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This event is open for all professionals interested or currently working in Starups in Hanoi, or supply chai professionals in Hanoi, or who are interested in looking for business collaboration for U.S. market through meeting with a delegation of Baylor University (U.S.), Executive Master Program.

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DEMAND PLANNER- CEL

A firm specialized in Demand and Supply Management in Emerging Markets: We create an impact where it's most needed

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A firm specialized in Demand and Supply Management in Emerging Markets: We create an impact where it's most needed

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A firm specialized in Demand and Supply Management in Emerging Markets: We create an impact where it's most needed

VIETNAMESE - AMERICAN BUSINESSES SEEK TO SOURCE MORE GOODS FROM VIETNAM

2020-11-16 17:08:05

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VIETNAMESE - AMERICAN BUSINESSES SEEK TO SOURCE MORE GOODS FROM VIETNAM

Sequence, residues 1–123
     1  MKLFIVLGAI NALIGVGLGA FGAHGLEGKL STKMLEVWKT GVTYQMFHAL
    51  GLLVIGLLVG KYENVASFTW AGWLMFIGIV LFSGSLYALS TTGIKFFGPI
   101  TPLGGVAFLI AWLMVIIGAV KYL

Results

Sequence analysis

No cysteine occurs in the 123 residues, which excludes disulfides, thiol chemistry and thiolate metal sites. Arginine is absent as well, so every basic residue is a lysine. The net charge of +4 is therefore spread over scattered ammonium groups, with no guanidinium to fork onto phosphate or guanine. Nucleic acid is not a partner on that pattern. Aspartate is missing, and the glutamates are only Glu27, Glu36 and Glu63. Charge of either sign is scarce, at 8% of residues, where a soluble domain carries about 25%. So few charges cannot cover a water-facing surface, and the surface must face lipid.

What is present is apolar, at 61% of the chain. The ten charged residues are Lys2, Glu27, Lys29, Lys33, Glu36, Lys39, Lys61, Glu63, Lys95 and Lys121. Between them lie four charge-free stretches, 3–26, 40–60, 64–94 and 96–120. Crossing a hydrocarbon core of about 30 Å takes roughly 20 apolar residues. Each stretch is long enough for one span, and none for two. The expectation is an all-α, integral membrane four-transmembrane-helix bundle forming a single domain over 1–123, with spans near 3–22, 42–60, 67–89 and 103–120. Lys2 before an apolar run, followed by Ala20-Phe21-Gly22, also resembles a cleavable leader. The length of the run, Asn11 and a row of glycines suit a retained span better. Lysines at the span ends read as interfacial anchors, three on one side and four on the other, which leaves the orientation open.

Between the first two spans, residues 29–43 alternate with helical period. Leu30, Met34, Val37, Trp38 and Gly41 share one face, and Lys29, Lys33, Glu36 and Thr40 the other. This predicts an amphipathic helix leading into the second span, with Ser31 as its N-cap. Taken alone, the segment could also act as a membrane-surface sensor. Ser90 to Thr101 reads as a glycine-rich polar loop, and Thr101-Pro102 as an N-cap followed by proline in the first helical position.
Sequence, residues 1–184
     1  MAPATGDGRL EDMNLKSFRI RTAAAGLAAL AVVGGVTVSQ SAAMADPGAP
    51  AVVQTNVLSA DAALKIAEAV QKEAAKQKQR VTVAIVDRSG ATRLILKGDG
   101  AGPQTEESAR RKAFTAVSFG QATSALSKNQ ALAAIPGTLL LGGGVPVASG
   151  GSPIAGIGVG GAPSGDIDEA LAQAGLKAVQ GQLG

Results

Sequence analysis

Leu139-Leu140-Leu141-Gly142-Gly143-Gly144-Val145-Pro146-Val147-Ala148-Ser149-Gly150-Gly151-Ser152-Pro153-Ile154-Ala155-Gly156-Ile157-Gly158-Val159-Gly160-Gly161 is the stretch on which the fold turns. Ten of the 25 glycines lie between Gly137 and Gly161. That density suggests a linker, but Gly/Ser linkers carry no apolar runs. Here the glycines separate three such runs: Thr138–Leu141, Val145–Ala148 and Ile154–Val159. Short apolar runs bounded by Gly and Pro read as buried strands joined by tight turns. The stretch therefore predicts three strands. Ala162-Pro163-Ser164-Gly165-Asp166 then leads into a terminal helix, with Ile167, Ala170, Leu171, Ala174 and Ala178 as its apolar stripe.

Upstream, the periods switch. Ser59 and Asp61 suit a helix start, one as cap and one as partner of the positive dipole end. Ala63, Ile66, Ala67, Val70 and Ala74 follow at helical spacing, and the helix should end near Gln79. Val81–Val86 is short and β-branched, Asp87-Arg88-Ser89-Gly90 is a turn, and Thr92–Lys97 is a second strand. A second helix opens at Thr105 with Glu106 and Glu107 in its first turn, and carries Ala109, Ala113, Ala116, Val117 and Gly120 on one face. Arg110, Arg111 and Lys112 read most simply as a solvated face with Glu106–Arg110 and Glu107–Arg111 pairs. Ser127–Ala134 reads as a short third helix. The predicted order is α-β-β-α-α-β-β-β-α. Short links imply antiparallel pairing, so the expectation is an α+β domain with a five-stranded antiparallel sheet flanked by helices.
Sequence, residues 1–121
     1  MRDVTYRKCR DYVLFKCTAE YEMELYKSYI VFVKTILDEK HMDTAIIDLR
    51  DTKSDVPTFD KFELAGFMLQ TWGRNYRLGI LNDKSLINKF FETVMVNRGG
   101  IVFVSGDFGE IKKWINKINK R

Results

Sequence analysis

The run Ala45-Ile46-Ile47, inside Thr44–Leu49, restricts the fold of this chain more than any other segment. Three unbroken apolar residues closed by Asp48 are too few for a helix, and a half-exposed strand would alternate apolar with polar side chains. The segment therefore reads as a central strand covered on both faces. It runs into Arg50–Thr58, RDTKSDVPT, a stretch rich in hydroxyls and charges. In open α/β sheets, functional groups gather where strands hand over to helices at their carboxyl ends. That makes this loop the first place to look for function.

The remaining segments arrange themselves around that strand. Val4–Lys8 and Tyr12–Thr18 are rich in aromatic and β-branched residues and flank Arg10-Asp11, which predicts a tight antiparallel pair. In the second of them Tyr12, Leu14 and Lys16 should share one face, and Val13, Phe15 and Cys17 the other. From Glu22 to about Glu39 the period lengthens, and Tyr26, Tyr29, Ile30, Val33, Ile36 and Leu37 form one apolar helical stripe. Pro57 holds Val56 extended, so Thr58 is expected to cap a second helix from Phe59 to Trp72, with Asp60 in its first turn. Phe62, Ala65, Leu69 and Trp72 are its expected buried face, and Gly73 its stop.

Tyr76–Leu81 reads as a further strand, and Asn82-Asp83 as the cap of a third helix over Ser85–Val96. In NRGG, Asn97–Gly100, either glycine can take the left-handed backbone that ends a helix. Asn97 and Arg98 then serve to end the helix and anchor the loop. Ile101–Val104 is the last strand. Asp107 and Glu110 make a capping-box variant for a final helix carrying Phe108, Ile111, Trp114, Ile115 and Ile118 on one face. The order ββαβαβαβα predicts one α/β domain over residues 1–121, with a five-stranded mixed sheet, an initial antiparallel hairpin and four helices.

Vietnamese-American businesses seek to source more goods from Vietnam

 

 

Vietnamese-Americans, which operate around 310,000 businesses with annual revenues of $35 billion, are looking to distribute more products from Vietnam in the U.S.

 

Some two million ethnic Vietnamese live in the U.S., mostly on the west coast, and many do business in various sectors, and all want to partner with companies in Vietnam, Nguyen Trac Toan, Vietnam’s consul general in San Francisco said at an online conference Thursday.

 

"We have seen Vietnamese-American and American businesses order agriculture produce and meat from companies in Vietnam."

 

Vietnamese ambassador to the U.S., Ha Kim Ngoc, said the U.S. has growing demand for Vietnamese goods, and over 3,000 companies operated by Vietnamese-Americans have business registration in Vietnam, with many serving as distributors in the U.S.

 

The U.S. was Vietnam’s largest export market in the first nine months, as it has been for years, with the value rising by 22.7 percent year-on-year to over $54.7 billion, according to Vietnam Customs.

 

But there are challenges like very high standards for quality, packaging, origin, labor treatment, and environmental criteria, he said.

 

U.S. importers also want long-term partners who can offer abundant supply and have a good understanding of American laws and regulations.

 

Amy Nguyen, a businesswoman in Oregon who has been importing Vietnamese goods for the last 10 years, said many issues remain unresolved.

 

For example, Vietnamese dragon fruit tastes very good but is only bought by Asian-Americans while Caucasians have concerns about farming quality, she said.

 

Vietnamese companies need to educate themselves in advanced manufacturing with the aim of doing business over the long term by making quality their number one priority, she added.

 

At the meeting, six memorandums worth $200 million were signed between Vietnamese and American companies.